- Published: 05/09/2013
- ISBN: 9781847085931
- Granta Books
- 848 pages
It is 1866, and Walter Moody has come to make his fortune upon the New Zealand goldfields. On arrival, he stumbles across a tense gathering of twelve local men, who have met in secret to discuss a series of unsolved crimes. A wealthy man has vanished, a whore has tried to end her life, and an enormous fortune has been discovered in the home of a luckless drunk. Moody is soon drawn into the mystery: a network of fates and fortunes that is as complex and exquisitely patterned as the night sky.
The Luminaries is an extraordinary piece of fiction. It is full of narrative, linguistic and psychological pleasures, and has a fiendishly clever and original structuring device. Written in pitch-perfect historical register, richly evoking a mid-19th century world of shipping and banking and goldrush boom and bust, it is also a ghost story, and a gripping mystery. It is a thrilling achievement and will confirm for critics and readers that Catton is one of the brightest stars in the international writing firmament.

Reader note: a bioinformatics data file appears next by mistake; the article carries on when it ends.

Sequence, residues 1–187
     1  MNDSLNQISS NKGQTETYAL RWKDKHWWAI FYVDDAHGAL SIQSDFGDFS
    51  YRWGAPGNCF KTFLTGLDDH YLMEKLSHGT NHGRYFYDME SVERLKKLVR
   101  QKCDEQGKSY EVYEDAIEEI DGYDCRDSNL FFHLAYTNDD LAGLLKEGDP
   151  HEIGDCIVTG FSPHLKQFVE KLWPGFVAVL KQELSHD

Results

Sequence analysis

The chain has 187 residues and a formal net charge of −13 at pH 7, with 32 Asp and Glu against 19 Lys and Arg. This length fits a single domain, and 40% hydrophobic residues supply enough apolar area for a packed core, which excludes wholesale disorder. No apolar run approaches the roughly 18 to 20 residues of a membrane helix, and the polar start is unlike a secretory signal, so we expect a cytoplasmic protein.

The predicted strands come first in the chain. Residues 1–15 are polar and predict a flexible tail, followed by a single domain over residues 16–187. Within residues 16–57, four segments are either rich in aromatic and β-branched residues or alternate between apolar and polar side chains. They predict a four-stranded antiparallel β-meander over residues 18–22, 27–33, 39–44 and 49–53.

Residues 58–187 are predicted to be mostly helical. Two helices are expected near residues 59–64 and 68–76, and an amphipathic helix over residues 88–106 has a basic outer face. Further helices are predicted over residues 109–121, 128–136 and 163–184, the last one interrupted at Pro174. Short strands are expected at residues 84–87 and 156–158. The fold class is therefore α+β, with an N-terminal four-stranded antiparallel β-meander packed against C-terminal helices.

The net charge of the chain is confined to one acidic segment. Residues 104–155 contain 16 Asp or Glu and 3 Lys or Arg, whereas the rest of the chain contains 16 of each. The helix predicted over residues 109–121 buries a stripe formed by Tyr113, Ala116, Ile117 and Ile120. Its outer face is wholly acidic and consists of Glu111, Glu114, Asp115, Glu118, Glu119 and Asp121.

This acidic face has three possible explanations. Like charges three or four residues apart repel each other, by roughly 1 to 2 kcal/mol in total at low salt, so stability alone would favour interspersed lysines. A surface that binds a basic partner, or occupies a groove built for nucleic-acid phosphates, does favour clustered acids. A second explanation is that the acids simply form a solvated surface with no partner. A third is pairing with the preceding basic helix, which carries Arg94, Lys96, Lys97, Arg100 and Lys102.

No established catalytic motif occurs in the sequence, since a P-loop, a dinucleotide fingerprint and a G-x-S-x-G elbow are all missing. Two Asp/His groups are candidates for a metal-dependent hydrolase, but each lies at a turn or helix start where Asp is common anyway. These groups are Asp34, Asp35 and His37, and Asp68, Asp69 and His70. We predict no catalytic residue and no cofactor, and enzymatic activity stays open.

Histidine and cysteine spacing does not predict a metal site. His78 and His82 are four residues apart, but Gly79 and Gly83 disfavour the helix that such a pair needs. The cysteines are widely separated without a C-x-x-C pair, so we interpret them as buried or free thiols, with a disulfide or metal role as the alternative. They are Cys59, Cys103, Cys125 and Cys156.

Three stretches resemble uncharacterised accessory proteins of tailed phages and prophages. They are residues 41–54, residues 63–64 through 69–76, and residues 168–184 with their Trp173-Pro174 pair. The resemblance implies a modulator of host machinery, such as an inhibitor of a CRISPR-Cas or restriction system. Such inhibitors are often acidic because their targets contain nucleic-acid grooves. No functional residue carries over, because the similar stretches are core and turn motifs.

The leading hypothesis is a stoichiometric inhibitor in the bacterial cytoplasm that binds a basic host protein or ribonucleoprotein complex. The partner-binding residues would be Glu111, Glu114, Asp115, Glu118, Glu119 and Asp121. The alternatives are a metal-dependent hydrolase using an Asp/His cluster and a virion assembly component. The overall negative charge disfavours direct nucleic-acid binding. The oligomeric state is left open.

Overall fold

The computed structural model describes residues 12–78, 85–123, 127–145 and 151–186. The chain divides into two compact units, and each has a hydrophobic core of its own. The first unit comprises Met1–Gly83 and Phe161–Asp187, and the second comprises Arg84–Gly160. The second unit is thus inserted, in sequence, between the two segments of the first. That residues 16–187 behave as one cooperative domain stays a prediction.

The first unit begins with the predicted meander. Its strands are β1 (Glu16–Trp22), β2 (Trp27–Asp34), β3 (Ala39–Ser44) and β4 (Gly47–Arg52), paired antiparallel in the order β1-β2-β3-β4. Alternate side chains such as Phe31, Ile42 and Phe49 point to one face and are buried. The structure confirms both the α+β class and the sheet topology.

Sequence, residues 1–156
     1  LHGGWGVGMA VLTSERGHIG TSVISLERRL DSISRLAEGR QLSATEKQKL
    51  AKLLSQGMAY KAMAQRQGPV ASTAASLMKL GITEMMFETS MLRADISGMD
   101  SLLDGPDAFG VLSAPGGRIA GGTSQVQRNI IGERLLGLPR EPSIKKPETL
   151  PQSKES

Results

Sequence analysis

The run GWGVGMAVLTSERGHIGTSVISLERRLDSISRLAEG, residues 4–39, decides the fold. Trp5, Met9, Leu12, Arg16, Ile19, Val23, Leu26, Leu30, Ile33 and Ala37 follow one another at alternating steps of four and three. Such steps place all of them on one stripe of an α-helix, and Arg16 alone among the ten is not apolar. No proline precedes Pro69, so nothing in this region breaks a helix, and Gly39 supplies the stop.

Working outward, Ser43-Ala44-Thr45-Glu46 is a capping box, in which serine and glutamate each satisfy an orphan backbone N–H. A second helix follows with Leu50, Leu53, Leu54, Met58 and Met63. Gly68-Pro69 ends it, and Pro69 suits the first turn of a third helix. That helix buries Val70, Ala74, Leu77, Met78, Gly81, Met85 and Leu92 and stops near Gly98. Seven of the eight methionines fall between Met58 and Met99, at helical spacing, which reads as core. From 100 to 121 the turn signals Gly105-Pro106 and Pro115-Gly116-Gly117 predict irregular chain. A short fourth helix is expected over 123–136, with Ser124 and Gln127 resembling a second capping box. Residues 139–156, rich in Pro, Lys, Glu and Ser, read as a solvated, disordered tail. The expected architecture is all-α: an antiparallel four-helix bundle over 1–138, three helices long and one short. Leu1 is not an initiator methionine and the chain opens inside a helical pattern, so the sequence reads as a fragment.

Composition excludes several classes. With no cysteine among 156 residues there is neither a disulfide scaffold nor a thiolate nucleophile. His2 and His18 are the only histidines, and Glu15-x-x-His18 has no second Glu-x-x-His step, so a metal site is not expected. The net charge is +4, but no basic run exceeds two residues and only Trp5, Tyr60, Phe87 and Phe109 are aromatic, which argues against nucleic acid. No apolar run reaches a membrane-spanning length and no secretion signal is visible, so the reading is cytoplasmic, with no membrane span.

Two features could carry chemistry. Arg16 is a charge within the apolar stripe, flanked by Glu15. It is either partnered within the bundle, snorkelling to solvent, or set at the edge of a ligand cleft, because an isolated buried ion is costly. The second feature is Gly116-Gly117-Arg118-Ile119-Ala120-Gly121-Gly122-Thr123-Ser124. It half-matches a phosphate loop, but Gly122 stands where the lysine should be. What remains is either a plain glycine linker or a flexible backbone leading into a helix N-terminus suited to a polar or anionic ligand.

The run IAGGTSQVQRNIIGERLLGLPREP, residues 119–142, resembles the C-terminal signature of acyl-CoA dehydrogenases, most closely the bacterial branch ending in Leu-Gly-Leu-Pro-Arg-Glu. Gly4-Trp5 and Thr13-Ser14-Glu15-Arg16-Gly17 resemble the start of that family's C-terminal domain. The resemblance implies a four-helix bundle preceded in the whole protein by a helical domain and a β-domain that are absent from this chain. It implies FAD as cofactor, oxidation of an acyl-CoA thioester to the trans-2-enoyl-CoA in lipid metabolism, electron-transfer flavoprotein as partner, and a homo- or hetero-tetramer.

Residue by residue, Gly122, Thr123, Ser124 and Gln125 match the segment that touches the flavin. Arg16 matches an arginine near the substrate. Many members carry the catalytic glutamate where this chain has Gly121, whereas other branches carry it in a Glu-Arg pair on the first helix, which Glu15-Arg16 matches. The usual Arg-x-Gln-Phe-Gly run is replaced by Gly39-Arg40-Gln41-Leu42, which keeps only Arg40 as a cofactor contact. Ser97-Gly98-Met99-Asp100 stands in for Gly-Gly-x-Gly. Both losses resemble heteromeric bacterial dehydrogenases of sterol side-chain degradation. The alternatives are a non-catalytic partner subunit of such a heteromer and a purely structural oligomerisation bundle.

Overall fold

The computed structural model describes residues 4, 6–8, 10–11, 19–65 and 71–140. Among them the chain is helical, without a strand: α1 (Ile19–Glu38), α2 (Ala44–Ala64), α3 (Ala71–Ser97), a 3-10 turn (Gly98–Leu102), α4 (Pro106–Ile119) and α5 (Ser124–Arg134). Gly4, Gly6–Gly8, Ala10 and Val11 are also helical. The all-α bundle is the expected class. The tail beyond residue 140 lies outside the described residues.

Irresistible, masterful, compelling. It has a gripping plot that is cleverly unravelled to its satisfying conclusion, a narrative that from the first page asserts that it is firmly in control of where it is taking us... The things that most impress are the cunning withholding of information, the elegant foreshadowing, the skilful looping back on the narrative
Lucy Daniel, five star review, Telegraph
An immense feat of structuring and plotting which means that this novel starts as a gentle stroll and ends with the exhilarating sense of running downhill... Ambitious, intricate, spectacular
Natalie Haynes, Independent
A breathtakingly ambitious mystery... Catton's playful and increasingly virtuosic denouement arrives at a conclusion that is as beautiful as it is triumphant
Stephanie Cross, Daily Mail
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Anne Meadows talks to Eleanor Catton about opium and gold, whether a good author can also be a sadist and what it means to be a New Zealand writer today.